Do you have any experiences or thoughts you’d like to share on this topic? Perhaps something you practice that would be helpful to other Nurses in a critical delivery situation?

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Topics: maternal death rate, Maternal Mortality Rate

NCNA Launches Emergency Fundraising Effort for Nurses Affected by Florence

Posted by Erica Bettencourt

Tue, Sep 18, 2018 @ 10:35 AM

ncRALEIGH – The North Carolina Nurses Association (NCNA) and its charitable arm, the North Carolina Foundation for Nursing (NCFN) are announcing an emergency campaign to provide support to nurses who have suffered loss or damages from Hurricane Florence. The NCFN - Nurse Recovery Fund seeks tax-deductible donations whose sole purpose is to help nurses get back on their feet sooner; NCNA and NCFN believe that helping nurses return to their normal lives will benefit the entire state.

“It is immensely harder to focus on patient care if you are reeling from your own losses, so we see this as a chance to support our fellow nurses and try to help them get back to normal,” said NCNA President Elaine Scherer, MAEd, BSN, RN. “Caring for each other is a vital part of being a nurse. We saw an opportunity to step up and have a positive impact on a terrible situation. Doing nothing was simply not an option.”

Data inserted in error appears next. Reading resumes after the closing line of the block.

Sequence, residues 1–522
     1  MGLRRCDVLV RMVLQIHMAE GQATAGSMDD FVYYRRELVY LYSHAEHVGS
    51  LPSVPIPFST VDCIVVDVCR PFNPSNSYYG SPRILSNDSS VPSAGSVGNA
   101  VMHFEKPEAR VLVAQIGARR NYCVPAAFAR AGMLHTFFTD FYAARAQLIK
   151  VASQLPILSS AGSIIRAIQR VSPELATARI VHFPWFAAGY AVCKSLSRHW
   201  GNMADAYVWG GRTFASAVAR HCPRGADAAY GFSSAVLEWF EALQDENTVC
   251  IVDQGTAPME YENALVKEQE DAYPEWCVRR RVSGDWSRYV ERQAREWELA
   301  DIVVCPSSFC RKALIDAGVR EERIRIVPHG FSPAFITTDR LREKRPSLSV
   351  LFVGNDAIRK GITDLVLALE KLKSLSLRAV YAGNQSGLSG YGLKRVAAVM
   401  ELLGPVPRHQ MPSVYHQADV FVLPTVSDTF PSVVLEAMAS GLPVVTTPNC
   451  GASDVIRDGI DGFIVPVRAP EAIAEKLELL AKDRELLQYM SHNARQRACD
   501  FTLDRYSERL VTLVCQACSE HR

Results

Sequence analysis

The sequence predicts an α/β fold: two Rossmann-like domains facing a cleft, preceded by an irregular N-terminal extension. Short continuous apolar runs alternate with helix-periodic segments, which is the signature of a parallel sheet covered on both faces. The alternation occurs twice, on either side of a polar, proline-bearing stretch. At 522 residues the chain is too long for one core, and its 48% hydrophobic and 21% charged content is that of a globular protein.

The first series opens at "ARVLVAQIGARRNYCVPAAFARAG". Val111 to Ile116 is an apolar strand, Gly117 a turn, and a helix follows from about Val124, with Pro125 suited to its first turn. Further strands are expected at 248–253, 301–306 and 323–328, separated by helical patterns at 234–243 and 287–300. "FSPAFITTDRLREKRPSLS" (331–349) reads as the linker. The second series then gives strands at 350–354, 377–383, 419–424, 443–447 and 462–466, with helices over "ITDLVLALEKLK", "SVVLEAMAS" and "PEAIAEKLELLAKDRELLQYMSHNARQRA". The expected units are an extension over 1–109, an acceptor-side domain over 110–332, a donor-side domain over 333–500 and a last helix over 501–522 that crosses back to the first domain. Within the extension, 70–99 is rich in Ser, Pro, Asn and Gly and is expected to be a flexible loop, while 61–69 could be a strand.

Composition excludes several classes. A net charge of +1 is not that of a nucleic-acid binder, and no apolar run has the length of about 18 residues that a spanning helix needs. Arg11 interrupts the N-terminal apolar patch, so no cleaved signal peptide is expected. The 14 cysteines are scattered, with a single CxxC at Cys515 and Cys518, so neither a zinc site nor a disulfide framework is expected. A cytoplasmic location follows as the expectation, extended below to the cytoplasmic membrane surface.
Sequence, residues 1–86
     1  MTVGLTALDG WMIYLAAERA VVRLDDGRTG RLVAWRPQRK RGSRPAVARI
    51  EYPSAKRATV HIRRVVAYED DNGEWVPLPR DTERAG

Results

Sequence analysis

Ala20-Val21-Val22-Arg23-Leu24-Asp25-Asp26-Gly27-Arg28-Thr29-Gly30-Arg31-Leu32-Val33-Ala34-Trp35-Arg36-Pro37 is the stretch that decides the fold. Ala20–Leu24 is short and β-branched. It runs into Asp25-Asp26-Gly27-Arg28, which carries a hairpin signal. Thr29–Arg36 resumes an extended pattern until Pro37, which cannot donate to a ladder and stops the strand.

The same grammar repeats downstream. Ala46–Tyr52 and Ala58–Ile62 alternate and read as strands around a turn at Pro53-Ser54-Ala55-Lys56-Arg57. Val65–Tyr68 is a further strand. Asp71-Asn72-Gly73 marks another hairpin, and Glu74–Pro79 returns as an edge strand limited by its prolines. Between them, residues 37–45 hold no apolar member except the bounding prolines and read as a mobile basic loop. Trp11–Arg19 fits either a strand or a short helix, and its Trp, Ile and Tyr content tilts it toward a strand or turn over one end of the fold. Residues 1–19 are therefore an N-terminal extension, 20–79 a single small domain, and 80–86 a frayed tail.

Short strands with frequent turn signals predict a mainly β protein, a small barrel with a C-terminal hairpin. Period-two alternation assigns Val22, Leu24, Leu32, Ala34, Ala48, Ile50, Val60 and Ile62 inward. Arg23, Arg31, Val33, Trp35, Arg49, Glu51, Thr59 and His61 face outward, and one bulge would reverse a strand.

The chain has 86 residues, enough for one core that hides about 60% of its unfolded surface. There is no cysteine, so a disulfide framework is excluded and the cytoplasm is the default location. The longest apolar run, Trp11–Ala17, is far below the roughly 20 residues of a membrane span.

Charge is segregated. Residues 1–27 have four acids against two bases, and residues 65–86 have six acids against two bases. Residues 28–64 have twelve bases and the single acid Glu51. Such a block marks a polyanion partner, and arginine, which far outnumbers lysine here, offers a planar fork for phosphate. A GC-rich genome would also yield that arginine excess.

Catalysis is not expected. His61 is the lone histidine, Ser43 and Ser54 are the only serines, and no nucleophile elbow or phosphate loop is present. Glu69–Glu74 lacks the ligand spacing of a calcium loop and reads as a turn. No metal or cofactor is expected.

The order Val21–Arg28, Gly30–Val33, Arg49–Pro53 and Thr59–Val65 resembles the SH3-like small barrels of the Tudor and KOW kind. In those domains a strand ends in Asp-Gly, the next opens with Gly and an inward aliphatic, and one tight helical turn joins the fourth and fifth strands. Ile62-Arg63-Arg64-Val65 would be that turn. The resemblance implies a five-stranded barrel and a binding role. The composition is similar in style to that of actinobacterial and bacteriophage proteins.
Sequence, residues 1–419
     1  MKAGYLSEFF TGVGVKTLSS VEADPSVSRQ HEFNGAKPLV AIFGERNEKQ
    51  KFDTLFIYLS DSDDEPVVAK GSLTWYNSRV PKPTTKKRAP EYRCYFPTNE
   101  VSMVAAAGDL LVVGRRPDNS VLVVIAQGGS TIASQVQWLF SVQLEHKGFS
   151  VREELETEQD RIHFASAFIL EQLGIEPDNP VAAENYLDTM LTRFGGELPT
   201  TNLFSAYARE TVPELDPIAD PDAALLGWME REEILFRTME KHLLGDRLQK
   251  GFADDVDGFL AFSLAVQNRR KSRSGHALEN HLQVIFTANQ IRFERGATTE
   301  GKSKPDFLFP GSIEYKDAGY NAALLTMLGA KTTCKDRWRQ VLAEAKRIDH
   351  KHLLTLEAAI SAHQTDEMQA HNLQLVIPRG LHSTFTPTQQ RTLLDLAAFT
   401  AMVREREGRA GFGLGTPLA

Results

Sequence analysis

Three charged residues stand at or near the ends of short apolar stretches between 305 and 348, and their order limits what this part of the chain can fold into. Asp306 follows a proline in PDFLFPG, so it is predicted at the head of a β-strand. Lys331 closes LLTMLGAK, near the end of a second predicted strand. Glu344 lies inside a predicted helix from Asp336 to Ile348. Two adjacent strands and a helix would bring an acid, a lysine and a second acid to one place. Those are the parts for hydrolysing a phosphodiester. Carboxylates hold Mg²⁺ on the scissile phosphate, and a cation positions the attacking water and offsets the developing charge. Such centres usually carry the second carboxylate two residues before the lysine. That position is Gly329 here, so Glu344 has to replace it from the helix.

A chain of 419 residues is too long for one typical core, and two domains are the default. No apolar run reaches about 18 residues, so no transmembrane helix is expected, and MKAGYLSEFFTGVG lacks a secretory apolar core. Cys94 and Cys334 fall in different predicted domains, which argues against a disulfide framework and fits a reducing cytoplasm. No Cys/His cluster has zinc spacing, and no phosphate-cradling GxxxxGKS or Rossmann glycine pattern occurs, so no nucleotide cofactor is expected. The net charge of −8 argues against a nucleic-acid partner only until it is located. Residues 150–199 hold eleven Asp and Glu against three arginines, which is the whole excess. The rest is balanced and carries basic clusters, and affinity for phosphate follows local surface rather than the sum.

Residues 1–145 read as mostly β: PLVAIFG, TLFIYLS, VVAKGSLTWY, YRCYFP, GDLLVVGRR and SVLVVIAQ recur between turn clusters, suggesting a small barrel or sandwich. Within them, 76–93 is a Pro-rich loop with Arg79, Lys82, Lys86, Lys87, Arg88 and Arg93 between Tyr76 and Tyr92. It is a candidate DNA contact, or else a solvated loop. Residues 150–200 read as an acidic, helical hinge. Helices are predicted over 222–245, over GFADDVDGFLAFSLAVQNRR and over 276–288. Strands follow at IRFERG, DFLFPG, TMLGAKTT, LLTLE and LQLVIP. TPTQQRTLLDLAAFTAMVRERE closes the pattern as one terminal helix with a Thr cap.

All money collected by NCFN for this fund will be given directly to the people in need. NCNA is donating all of the staff time required to set up the campaign’s infrastructure and administer funds.

“We are so grateful to our colleagues at the Texas Nurses Association, who were already offering advice before the storm arrived last week,” said NCNA CEO & NCFN Executive Director Tina Gordon. “They launched a similar campaign in the aftermath of Hurricane Harvey, and the lessons they learned have been invaluable as we prepared to roll out the NCFN - Nurse Recovery Fund.”